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Captain rebuffed pleas to abandon Bounty amid Sandy, mate says

February 12, 2013|By David Zucchino
  • The HMS Bounty was submerged in the Atlantic Ocean during Hurricane Sandy. Surviving crew members are testifying at a Coast Guard hearing.
The HMS Bounty was submerged in the Atlantic Ocean during Hurricane Sandy.… (Petty Officer 2nd Class…)

PORTSMOUTH, Va.--The captain of the doomed replica sailing ship HMS Bounty twice rebuffed his chief mate’s desperate pleas to abandon ship as the vessel rolled and pitched in Hurricane Sandy’s fierce winds and 25-foot seas, the mate testified Tuesday.

When Capt. Robin Walbridge finally gave the order to abandon ship, the Bounty rolled over and tossed the crew into the Atlantic Ocean 90 miles off Cape Hatteras during the storm. Walbridge disappeared and is presumed dead.

One crew member drowned in the Oct. 29 sinking of the three-masted ship, which was built for the 1962 movie "Mutiny on the Bounty.’’ Fourteen crew members were rescued by the Coast Guard.

The chief mate, John E. Svendsen, told a Coast Guard hearing that Walbridge, 63, decided to set sail from a Connecticut port in what would be a disastrous attempt to "skirt the storm’’ and reach St. Petersburg, Fla.  The captain sailed to Sandy's southeast quadrant, hoping the hurricane's powerful winds would blow the Bounty to safety.

"Robin said he had experience with hurricanes . . . and the ship was safer at sea,’’ Svendsen told the hearing’s opening session.

Even after Svendsen told the captain that winds near hurricane force were predicted for the route, he said, Walbridge assured him that "the ship was able to withstand that safely.’’

After the ship’s main engine failed, two generators went dead and a fuel tank ruptured in the storm the night of Oct. 28, Svendsen said. He urged the captain to call the Coast Guard for help, but Walbridge refused, saying the crew should focus on restarting the generators.

A short time later, the captain relented. Svendsen said he stood on the deck, pounded by the storm, and relayed a distress call to the Coast Guard on a satellite phone as the ship took on dangerous amounts of water.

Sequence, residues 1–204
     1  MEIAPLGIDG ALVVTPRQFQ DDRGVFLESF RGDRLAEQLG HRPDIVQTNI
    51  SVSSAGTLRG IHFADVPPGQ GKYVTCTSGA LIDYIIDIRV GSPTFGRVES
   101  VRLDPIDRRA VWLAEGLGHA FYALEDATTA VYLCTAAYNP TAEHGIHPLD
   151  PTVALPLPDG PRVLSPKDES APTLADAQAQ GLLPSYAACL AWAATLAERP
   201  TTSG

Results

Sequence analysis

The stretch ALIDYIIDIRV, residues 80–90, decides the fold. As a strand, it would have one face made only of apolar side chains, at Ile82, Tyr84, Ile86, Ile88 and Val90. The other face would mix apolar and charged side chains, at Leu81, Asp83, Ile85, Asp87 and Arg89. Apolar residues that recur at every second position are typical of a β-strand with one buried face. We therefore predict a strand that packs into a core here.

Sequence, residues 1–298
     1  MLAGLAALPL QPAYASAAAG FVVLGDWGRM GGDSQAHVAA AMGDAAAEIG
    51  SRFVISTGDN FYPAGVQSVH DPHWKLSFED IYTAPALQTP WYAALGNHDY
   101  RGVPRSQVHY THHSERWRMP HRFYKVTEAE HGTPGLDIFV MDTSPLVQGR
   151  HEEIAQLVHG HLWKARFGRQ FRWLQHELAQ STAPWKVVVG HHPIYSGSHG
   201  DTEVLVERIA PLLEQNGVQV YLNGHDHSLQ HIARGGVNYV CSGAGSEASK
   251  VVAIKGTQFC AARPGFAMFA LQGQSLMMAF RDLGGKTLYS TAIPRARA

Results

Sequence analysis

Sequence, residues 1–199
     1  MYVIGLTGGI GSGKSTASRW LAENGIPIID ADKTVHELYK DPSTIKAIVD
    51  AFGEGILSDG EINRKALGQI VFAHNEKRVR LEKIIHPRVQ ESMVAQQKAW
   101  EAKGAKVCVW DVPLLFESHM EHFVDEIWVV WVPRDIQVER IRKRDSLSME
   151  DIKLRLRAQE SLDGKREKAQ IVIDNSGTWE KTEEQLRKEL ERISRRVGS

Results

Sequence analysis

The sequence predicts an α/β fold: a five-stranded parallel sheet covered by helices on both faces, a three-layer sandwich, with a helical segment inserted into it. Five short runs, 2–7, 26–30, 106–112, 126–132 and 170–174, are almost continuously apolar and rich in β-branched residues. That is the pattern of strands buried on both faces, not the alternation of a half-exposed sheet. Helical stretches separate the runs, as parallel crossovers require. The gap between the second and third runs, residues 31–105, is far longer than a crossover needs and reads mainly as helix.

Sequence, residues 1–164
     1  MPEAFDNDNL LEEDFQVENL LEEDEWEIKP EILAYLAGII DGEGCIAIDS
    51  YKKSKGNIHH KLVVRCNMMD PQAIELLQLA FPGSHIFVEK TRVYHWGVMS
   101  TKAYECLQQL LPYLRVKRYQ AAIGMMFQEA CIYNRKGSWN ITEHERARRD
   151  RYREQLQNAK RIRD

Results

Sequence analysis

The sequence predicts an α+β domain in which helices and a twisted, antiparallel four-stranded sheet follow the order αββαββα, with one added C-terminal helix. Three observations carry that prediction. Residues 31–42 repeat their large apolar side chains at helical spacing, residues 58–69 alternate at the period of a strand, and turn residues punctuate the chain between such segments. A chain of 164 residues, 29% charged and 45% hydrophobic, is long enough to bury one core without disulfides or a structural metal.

Much of the questioning of Svendsen focused on the captain’s intent. Coast Guard Cmdr. Kevin M. Carroll asked about a video interview in August in which Walbridge said, "We chase hurricanes. You try and get up as close to the eye of it as you can, and you stay down in the southeast quadrant.’’

Svendsen said that although he never saw Walbridge "seeking out a storm,’’ the captain's interview comments were "consistent with the way he approached hurricanes.’’ He emphasized that the captain would never intentionally put the ship or crew in harm’s way.

The Bounty left New London, Conn., on Oct. 25 as Sandy was pushing north, gathering strength.  Svendsen said he reminded the captain that he had the option of staying in port.  But Walbridge told him the ship had a better chance of avoiding major storm damage by sailing to Sandy’s more navigable eastern edge. He changed the original sailing plan, which had the Bounty taking a more direct route.

When some crew members objected to the new plan, Walbridge called a crew meeting and said members were free to leave the ship before it sailed "with no hard feelings,’’ Svendsen testified.  No one left.

The hearing is expected to last eight days. It is investigating the cause of the sinking and "any act of misconduct, inattention to duty, negligence or willful violation of the law,’’ according to the Coast Guard.

Though the hearing is not a criminal proceeding, any evidence of misconduct could be referred to federal prosecutors. Witnesses testify under oath and may be questioned by lawyers for the ship’s owners and for the family of the dead crew member, Claudene Christian, 42, or others.

The Bounty’s owner, Robert Hansen, declined to testify, invoking his 5th Amendment right, according to a letter his lawyer sent to the Coast Guard. The ship is a replica of the 18th century HMS Bounty commanded by William Bligh, who was the target of a 1789 mutiny.

Svendsen, 41, described the ship’s final, frantic moments as the crew gathered on the storm-tossed deck wearing water-immersion suits and life vests. They were awaiting orders to board lifeboats when the ship rolled and dumped them into the Atlantic.

Svendsen said he managed to hold on to the ship’s mast, which had been bent nearly horizontal by the storm. At last he, too, was tossed into the water.  With a broken hand and dislocated shoulder, he swam toward a strobe light from a hovering Coast Guard helicopter and was hoisted aboard.

When he last saw Walbridge, he said, the captain was wearing a life vest and making his way toward the lifeboats.

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